Dr. Zhu focuses on improving fuel economy with reduced emissions using in-the-loop advanced control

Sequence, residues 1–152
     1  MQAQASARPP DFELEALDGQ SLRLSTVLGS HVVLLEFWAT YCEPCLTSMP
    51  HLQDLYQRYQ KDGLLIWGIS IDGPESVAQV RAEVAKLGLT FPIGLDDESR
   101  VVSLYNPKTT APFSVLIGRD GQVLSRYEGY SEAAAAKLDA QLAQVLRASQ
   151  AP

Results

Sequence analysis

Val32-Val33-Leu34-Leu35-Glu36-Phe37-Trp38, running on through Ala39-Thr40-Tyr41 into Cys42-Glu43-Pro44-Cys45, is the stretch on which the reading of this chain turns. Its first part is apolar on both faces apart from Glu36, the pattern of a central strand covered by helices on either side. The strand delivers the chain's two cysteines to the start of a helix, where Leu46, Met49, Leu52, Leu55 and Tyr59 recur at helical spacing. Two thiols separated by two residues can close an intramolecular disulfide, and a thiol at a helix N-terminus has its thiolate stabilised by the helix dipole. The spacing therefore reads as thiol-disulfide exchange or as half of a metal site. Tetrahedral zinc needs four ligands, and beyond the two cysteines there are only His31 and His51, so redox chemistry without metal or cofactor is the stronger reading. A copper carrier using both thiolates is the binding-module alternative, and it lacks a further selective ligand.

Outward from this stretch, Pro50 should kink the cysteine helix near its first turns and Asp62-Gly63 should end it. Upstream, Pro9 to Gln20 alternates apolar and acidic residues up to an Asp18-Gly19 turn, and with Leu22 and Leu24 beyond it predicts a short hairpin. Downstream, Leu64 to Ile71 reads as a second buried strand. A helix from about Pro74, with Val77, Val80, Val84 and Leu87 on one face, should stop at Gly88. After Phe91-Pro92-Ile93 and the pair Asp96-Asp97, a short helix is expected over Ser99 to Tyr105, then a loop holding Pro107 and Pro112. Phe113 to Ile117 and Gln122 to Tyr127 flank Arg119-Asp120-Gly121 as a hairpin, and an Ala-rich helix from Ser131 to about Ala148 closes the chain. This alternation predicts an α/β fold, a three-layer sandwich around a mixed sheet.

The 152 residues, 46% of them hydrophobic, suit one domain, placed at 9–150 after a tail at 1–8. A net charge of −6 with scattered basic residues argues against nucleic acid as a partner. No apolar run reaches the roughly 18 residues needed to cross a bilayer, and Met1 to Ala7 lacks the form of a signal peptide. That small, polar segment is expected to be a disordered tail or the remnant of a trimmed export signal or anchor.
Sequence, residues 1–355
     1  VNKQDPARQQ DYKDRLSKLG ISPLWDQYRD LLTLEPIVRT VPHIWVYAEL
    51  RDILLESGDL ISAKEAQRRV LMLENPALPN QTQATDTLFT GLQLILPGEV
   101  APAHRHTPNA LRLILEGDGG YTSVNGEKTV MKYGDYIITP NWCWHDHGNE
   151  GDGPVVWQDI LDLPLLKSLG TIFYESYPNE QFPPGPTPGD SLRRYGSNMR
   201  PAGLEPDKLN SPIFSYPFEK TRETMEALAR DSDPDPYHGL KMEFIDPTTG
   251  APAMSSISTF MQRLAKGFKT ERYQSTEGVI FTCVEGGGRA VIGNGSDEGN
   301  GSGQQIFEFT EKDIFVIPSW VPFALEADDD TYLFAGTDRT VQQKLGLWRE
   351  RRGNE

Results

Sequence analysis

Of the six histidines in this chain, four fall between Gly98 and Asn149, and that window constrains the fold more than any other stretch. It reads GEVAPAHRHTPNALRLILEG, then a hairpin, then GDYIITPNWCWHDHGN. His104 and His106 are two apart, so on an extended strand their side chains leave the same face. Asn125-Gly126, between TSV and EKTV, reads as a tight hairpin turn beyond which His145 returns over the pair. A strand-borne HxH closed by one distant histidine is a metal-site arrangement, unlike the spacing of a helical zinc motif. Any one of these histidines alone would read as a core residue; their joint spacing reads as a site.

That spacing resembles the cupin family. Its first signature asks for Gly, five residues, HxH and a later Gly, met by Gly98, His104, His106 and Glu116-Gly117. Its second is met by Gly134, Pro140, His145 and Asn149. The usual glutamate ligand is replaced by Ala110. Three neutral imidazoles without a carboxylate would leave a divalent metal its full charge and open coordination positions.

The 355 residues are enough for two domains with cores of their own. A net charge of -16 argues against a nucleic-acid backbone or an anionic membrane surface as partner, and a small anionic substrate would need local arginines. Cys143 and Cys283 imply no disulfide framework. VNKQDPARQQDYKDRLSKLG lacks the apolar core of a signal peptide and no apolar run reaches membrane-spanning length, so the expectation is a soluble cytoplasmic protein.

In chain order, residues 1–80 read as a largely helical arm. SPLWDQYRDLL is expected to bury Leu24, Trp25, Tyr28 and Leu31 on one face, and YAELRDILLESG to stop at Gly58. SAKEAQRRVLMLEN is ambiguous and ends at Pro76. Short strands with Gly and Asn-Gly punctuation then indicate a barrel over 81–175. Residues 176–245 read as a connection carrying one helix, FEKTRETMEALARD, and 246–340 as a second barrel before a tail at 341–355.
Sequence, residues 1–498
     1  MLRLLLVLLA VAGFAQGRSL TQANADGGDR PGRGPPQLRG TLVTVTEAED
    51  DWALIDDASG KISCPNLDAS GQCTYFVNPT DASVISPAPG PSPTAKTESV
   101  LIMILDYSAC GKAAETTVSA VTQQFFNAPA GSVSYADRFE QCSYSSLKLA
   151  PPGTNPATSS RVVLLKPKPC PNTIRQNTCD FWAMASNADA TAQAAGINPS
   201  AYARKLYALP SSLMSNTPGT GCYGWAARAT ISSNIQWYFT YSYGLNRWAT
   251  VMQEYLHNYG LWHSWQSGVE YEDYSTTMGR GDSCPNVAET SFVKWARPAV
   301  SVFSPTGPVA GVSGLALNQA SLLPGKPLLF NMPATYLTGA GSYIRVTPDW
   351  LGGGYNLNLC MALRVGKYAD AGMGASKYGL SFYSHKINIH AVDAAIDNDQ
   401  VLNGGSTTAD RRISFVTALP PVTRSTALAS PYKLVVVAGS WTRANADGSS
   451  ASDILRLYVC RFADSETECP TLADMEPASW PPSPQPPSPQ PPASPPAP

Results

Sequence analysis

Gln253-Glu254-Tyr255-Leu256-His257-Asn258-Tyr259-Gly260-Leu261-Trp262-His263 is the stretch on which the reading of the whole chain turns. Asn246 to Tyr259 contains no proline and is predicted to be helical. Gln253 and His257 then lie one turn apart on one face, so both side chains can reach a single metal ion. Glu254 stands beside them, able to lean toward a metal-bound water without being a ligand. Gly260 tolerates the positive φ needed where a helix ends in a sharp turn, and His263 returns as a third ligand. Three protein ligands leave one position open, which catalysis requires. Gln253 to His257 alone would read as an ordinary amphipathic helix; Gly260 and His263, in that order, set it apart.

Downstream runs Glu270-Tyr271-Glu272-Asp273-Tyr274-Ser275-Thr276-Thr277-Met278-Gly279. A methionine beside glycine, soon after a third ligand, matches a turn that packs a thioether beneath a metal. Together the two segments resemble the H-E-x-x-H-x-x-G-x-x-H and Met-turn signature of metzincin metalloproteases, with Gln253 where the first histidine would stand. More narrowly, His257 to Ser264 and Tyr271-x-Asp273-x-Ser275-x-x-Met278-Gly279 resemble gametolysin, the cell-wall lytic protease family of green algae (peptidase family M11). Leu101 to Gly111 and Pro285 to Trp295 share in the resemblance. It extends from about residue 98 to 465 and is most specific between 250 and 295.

Increasing concerns about global climate change and ever increasing demands on fossil fuel capacity call for improved fuel economy of automotive engines with reduced emissions. With many biofuel applications on the near horizon, the next generation of automotive engines will be required to operate with multiple fuels. The engine combustion process will have to be optimized to maximize thermal efficiency with improved emissions under different fuel blends and combustion modes. To meet this challenge, advanced engine control will be needed to automatically adapt to the fuel blend and combustion mode. The research conducted at Guoming (George) Zhu’s automotive control lab uses model-based control techniques to accurately control engine fuel injection timing and mass, charge mixture temperature and composition, and to control the valve train and other engine subsystems. Control-oriented engine models are being developed and implemented in the lab in a hardware-in-the-loop simulation environment to support model-based control development and validation. Dr. Zhu is also conducting research in areas of integrated identification and control of automotive systems, optimal control of hybrid powertrain systems, combustion mode transition control, and applications of smart materials to automotive systems, linear parameter varying (LPV) control with application to structural systems. Active control of the automotive engine and its subsystems is an essential foundation needed to make new engine technologies possible. Research at MSU ranges from new control concept development to validation and demonstration.